Let’s Talk IFTTT

I think that for most creative product people, making things work better also means making their gizmos look better along the way. Getting bored quickly goes with the territory of product design. The need to scratch that itch though must always be balanced with what's best for the user experience (UX).

Some products are so useful that even a boring utilitarian design contributes to the image. Such is how I often looked at the product called IFTTT (If This Then That) – a service which connects all types of web services and products together.

I applaud the IFTTT team for developing such a time-saving and useful tool. Its like the duct tape of the web when it comes to patching things together. Thank you IFTTT for your hard work in maintaining what must be a headache inducing task of keeping so many, often disparate, services humming along together.

Yet, the recent app redesign of IFTTT is proving rather harmful to the brand image as users grapple with a confusing UI that was probably meant to address someone's complaint that the service was too difficult to use (maybe even offsetting). The attempt to improve and give a face-lift is unfortunately producing many 1 star reviews in the App Store.

When that happens, it's imperative that all hands are on deck to tackle and release UX fixes quickly. It's always better to slowly and deliberately tackle the details of UX prior to a major product release, but no one is perfect and details can get lost. Mistakes happen. Fixing them in a timely manner though, while acknowledging the reasons for 1 star reviews can go a long way in patching up user discontent.

What Went Wrong

I'm not sure if the IFTTT team had a major org change, but whatever happened, a quick UX iteration is critical for restoring what most value about IFTTT – its utilitarian ubiquitous usefulness.

IFTTT had 3 stand-alone side apps called Do Note, Do Button and Do Camera. They were the one-two taps or slide homepage apps for invoking often used recipes (now called applets). We loved them for the most part because they were speedy ways to trigger applets we often used.

Do part of IFTTT app

One day, we opened our Do apps and were greeted with a message that Do was now part of the newly relaunched IFTTT app. There were no details explaining what this implied though. Were the Do apps going away? Could we still use our Do apps? Did we have to manage all settings from inside IFTTT's main app? Could we still manage settings within the Do app? Why weren't these questions addressed?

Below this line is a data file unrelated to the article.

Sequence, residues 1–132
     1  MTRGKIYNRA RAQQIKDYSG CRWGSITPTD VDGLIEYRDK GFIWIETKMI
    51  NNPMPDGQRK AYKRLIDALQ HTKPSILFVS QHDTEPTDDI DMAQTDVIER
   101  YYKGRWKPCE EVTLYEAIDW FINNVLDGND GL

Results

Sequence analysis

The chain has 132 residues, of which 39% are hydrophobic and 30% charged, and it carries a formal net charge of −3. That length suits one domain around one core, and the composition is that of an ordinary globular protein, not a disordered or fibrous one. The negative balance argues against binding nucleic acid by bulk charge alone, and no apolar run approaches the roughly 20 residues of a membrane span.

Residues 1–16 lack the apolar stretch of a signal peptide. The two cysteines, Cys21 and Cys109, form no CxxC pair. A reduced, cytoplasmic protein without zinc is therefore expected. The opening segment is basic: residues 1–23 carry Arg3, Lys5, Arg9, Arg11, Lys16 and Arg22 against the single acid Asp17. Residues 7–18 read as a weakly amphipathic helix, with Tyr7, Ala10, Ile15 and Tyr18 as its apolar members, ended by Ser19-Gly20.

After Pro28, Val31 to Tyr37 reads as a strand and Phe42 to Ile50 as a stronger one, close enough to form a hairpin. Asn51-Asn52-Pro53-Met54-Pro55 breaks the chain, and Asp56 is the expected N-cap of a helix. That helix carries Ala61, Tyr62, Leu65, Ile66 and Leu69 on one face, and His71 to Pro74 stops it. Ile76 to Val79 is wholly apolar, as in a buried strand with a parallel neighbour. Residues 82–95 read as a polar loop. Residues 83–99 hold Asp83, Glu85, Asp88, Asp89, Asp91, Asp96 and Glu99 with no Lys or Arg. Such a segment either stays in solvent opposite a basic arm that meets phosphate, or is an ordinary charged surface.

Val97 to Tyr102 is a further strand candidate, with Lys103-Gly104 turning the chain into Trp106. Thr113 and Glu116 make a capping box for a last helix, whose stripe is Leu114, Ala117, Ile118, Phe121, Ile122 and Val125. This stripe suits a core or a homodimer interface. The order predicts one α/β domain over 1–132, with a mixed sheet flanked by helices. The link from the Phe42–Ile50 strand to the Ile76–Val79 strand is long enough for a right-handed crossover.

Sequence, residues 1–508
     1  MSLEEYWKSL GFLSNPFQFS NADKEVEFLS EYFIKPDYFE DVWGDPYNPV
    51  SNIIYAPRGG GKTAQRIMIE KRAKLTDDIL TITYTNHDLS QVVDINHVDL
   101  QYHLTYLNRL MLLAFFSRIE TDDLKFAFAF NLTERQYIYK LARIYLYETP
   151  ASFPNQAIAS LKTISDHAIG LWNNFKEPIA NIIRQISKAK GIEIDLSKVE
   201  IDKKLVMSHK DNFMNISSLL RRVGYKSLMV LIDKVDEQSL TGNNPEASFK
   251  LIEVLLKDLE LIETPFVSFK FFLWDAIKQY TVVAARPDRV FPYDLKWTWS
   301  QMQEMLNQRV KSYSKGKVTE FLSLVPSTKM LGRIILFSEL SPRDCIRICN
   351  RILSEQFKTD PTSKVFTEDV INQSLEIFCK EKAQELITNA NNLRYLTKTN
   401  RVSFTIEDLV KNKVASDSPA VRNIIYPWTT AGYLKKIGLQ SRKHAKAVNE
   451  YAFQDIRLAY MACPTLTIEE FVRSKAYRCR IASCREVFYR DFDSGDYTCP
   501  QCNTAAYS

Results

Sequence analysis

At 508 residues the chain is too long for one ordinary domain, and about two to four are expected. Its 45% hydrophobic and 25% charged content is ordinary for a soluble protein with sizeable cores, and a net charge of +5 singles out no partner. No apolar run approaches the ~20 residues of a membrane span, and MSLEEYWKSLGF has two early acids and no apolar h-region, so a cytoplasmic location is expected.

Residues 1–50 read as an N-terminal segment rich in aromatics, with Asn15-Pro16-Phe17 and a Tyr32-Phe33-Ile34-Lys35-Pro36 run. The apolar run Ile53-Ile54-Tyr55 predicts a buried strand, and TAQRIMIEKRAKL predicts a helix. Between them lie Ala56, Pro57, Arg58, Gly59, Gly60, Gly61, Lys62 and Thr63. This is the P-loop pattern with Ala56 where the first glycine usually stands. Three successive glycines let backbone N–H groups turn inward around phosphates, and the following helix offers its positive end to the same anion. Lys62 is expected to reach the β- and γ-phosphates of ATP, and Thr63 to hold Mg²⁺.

Also, how is the word “applet” an improvement over the word “recipe”?

So off we went to the new IFTTT app to poke around. We found it difficult to find our recipes (now applets), but soon placed in a My Applet tab. The new UI involved xx-large colored boxes with large text that now forced us to scroll through our long list of applets, not made any easier by the fact that these applet boxes take up so much screen real estate. A large screen device displays about 1 and ¾ applets when first opening the My Applet tab. Did someone really believe that users would not mind so much scrolling?

We typed Do in the search / filter field, but found nothing. So we scrolled and scrolled looking for the Do keyword in a recipe, ummm applet, but found nothing. We had to figure out that the Do applets were there, but just not named Do in any descriptions.

Did someone think that making users think so much was good for UX?

Maybe at some point, we learned that Do could be found. It was placed in the Settings screen. Really? Yes, really. It was here that we could make Do widgets, add an icon to our homescreens and access the actual Do applet too (though not named Do).

Many found that old recipes (converted to applets) were no longer working correctly. A product team can miss bugs, but there was just so much unnecessary relaunch pain.

So much confusion and work for a utilitarian product.


IFTTT will recover. I'm hopeful that the team is working hard on rolling out fixes – hopefully.

A little shade though on the PM who signed off on this. That role should have prevented this many mistakes.

We still love you IFTTT – just give us a better UX quickly.

Be Sure Of Your Changes

Any redesign or relaunch can be riddled with issues. Good UX folks though can help identify and minimize unnecessary issues before the rollout. Here's where in-the-trench experience proves its weight in salt. Empower your UX staff and be sure that your changes are for the best. If you learn that they are not, iterate quickly. A solid UX focused team understands that sometimes, it's ok for duct tape to be boring gray.

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